Page solved. Then you try to determine if
Page 1 An Unplanned change Cari Spier HCS/587 November 28, 2011 Barbara P. Carter Page 2 An Unplanned Change Change is making something different from the way it was. It can be planned or unplanned. Unplanned change can bring about resistance. In the Tales of Woe at Concord Bookshop (Mehegan, 2003), resistance was met at full force. The owners of the bookshop made an unplanned change to restructure the management team due to a financial slide. Instead of having three tenured managers they hired one general manager from the outside.
The current staff of the bookshop would remain, no jobs would be lost, and however the three managers would be demoted to staff level. This created resistance among the staff resulting in many choosing to resign. Resistance to change may arise from two sources: organizational barriers and individual barriers (Spector, 2010). Some individual barriers that I see occurring in the Concord Bookshop incident are fear of the unknown; managers failing to furnish realistic information in a timely fashion can add to an employee’s uncertainty (Spector, 2010).
A second barrier would include reduction in personal need fulfillment; lacking an understanding of management’s intentions often leads to a disruption of employee’s expectations (Spector, 2010). This resulted in some Concord Bookshop staff to resign. The owners made no attempt to discuss their financial situation or plan to change management to the staff. With a planned change, the process should be a smooth transition to an achievable goal.
Unplanned change, on the other hand, leads to unplanned outcomes and the inability to achieve goals. If organizations would practice by the three steps in Lewin’s change theory, a planned change could bring about a positive result. The three steps are the unfreezing phase, the moving phase and the refreezing phase (Spector, 2010). The unfreezing phase is when you find a problem that needs to be solved. Then you try to determine if there will be any resistance in creating the change.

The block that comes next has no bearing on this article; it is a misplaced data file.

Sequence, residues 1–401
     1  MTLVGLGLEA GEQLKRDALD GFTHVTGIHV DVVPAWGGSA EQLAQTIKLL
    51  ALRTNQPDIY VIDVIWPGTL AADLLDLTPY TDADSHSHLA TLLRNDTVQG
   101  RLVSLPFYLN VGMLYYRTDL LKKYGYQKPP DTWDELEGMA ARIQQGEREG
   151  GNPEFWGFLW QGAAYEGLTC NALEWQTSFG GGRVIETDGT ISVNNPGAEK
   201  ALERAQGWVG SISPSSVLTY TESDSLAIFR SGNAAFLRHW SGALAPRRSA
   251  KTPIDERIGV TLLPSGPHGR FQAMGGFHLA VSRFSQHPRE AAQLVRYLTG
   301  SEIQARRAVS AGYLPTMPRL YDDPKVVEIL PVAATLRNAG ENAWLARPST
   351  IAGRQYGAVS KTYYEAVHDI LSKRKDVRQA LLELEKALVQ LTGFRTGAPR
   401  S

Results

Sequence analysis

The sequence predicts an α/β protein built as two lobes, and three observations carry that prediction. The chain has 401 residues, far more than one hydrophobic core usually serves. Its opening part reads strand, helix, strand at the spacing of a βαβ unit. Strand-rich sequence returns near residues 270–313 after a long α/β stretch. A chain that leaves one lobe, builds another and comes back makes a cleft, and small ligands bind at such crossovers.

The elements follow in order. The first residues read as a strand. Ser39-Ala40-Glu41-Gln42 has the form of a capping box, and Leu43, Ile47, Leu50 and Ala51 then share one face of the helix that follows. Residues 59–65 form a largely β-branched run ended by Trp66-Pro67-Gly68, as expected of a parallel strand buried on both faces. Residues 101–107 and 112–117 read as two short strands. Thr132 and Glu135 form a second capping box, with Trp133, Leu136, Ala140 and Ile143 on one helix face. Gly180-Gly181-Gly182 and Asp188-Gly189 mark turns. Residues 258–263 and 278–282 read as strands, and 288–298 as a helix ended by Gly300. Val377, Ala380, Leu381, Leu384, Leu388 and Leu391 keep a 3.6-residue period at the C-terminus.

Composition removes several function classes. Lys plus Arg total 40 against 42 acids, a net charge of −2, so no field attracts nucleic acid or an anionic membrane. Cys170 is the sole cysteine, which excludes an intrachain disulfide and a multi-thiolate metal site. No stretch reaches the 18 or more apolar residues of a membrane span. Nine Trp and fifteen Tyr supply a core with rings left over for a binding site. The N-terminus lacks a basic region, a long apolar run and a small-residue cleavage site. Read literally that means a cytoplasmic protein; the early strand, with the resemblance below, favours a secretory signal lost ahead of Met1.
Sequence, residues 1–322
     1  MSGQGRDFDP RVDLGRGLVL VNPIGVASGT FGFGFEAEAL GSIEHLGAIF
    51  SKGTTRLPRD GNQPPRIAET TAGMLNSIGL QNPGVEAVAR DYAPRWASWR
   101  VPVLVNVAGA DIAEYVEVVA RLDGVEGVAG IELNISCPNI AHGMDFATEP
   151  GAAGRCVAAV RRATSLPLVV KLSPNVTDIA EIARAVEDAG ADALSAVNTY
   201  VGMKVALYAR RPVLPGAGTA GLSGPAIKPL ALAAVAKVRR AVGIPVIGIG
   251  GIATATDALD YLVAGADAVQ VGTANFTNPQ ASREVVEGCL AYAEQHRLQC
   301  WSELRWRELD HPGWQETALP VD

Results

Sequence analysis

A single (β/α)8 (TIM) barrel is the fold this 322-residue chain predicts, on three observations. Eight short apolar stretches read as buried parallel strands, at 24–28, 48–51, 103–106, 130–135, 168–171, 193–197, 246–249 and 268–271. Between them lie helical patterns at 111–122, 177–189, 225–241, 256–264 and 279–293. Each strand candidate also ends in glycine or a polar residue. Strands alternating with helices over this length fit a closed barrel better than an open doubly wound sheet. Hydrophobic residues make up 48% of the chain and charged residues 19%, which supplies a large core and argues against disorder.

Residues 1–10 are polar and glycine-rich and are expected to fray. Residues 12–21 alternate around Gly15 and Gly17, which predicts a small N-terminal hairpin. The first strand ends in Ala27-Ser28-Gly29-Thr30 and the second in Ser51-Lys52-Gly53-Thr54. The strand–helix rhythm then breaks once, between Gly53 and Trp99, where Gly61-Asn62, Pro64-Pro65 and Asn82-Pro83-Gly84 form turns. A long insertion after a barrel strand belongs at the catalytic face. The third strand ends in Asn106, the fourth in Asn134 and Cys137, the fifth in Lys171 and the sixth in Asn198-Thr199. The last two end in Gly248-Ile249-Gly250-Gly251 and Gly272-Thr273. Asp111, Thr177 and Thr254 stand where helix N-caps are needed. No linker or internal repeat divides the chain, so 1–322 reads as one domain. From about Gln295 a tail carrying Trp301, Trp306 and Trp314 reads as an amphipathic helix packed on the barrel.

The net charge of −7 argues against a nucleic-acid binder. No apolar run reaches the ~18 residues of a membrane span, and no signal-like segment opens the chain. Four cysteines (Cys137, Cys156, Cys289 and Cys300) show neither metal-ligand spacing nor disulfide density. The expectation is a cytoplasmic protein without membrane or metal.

In the Concord Bookshop incident, the owners found the problem which needed to be changed but did not present it to staff prior to the change therefore resistance was met. In the unfreezing phase you try to reduce the amounts of resistance not increase it. In the moving phase, you find a solution that can resolve the problem and bring about change. The owners of the Concord Bookshop felt they had the right solution needed to bring about the change but didn’t share it with staff.
Finally, in the refreezing phase, you see if the change was positive for staff. If the result is positive, then the change can be made permanent. The Concord Bookshop owners made a permanent change without the evaluation from staff resulting in a negative permanent change for the Concord Bookshop. Page 3 References Spector, B (2010). Implementing organizational change: Theory into practice (2nd ed). Upper SaddleRiver, NJ: Pearson Prentice Hall. Mehegan, D (2003). “Tales of Woe at Concord Bookshop”. December 23, 2003 p E1. Boston Globe